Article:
“That’s exactly what should happen, but they get a little thrown off because they’re so used to looking at those core EPDs — birth weight, weaning weight, yearling weight, and marbling — that have millions and millions of data points already in the database. When they send in their heifer pregnancy or PAP measurement scores from our high-altitude breeders, they’ll see those EPDs shift and change,” Retallick-Riley says. “That’s because the genotype does not increase the accuracy of that early EPD prediction as much because the amount of information, or phenotypes, it has to leverage to make those early predictions is far less.”
One example of a novel trait would be foot score measurements. First recorded in 2015, they have climbed to 30,000 individual data points recorded this last fiscal year, up to 149,000 total in the entire database.
“As long as the phenotypes are showing variation in groups, as we collect more and more phenotypes, we’ll start to see the initial accuracy increase when we genotype young, unproven animals, because the evaluation has more data to utilize for early predictions,” she says.
“The more data, the better” is the mantra when trying to build up a new trait; but it is also the mantra when trying to get solid numbers on a new animal.
Young and accurate
When producers test a young sire, and then add progeny data in later, they might not see as much movement as they expect, Retallick-Riley says. Breeders often wonder: How much weight does that genotype vs. that individual phenotype have?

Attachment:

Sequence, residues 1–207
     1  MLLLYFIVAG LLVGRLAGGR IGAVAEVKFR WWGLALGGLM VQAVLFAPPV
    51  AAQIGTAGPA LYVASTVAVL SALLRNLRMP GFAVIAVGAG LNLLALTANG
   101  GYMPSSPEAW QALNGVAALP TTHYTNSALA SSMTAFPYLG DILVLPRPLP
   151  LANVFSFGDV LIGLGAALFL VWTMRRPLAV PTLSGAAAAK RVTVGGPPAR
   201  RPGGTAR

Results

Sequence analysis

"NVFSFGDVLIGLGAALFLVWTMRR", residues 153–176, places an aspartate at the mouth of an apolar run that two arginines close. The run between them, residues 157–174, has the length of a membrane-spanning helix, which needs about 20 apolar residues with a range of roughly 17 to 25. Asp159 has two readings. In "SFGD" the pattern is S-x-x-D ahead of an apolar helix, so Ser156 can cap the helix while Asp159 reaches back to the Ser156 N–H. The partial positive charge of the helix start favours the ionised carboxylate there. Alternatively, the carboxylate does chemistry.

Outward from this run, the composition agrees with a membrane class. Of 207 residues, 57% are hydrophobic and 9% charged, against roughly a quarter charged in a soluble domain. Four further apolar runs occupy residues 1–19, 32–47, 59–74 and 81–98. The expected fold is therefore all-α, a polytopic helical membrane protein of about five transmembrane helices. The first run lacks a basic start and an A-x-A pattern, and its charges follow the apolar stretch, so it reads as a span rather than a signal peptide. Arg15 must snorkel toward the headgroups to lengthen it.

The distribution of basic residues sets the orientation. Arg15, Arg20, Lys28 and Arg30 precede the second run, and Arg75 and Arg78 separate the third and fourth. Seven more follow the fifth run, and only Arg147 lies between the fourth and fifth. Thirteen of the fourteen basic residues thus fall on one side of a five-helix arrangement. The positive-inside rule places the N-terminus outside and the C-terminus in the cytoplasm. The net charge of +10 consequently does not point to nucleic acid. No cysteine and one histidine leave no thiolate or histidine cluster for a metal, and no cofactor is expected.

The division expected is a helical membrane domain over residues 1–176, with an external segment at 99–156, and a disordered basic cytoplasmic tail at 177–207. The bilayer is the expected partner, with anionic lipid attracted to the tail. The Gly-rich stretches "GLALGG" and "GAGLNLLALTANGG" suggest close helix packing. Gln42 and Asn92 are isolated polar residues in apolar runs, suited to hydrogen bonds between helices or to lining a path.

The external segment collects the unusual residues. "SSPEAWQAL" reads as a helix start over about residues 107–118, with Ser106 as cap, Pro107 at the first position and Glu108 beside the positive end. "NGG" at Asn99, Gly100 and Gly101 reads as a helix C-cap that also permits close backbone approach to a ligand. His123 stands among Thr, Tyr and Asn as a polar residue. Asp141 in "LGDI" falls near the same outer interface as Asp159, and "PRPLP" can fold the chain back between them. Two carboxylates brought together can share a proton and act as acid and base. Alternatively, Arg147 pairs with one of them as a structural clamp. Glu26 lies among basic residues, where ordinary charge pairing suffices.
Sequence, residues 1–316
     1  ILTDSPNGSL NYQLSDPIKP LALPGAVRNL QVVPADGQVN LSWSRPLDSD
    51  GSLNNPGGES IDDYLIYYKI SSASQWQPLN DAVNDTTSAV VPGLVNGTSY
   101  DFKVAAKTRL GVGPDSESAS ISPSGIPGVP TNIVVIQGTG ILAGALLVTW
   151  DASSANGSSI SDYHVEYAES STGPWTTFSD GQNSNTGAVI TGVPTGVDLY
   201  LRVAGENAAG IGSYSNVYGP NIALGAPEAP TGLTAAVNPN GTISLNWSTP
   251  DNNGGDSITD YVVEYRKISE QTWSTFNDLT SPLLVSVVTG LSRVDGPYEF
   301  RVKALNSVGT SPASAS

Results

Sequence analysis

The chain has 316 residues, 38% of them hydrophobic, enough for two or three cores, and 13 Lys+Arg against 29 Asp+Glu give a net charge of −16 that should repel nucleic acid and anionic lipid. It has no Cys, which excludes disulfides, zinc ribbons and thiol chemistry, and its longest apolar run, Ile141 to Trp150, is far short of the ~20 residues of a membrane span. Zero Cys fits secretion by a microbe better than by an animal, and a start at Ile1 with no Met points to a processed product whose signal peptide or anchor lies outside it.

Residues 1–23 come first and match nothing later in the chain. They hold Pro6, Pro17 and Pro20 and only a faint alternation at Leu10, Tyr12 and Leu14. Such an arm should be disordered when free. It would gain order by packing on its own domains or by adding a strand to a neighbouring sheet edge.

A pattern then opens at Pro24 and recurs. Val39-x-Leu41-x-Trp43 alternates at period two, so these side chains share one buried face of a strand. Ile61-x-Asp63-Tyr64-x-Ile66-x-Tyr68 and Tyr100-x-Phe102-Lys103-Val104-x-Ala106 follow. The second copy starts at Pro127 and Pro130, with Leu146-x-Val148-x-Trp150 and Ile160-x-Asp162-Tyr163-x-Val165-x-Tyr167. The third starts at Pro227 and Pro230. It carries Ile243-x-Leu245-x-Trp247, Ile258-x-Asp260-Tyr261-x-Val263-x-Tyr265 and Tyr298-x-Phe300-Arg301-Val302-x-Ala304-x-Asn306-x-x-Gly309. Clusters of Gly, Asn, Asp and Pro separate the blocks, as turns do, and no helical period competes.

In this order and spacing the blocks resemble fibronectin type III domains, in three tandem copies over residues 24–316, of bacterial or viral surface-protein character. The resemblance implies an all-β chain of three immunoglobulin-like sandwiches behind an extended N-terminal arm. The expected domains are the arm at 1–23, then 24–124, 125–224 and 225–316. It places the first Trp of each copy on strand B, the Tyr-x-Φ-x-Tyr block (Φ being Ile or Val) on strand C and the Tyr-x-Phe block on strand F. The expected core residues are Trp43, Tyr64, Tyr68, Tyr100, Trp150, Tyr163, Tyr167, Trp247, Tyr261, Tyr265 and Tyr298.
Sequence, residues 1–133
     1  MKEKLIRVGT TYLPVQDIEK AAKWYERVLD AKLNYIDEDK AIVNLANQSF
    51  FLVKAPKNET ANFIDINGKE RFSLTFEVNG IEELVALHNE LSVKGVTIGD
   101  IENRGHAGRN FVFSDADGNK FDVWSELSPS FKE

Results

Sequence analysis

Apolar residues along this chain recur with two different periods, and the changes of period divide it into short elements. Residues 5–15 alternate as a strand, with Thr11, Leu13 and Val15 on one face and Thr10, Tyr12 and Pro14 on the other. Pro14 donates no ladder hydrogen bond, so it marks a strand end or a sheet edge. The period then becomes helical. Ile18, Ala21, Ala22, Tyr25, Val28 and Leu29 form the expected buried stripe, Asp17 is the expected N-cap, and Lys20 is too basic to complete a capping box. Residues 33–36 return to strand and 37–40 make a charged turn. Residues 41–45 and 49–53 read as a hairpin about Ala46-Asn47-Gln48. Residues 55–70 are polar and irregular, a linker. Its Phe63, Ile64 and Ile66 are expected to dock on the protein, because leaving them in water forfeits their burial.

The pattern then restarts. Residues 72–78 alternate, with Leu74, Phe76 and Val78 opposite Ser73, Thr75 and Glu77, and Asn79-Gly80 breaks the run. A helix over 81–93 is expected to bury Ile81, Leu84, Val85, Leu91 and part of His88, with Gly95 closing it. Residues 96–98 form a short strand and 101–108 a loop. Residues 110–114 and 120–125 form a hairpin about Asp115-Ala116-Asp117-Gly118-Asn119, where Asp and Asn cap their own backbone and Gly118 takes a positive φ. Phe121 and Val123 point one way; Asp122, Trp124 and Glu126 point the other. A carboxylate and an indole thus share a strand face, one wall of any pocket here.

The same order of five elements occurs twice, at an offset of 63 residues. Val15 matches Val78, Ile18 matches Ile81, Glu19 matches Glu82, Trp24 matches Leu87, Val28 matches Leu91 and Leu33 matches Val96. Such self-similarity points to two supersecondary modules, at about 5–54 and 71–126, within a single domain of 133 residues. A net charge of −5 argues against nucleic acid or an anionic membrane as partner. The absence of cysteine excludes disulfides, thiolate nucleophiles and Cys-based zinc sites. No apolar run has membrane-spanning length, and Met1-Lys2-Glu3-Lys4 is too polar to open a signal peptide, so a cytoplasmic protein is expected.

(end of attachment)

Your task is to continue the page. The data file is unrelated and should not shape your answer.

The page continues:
“On a young animal, who doesn’t have a lot of data in the evaluation, that genotype is going to play a larger role in EPD prediction,” she says. “Then as we add progeny, that value of the genotype for that individual animal starts to diminish, because now we have all these progeny phenotypes that are leading us to the a more complete answer.”
Which one is more valuable? It’s not either/or, it’s both, she answers.
“Those phenotypes really work hand-in-hand with the genomics to make sure that early prediction — when we can’t collect a whole bunch of data on a young calf — is as accurate as it can be because we already have all of these other millions of weights and records in the system,” Retallick-Riley explains.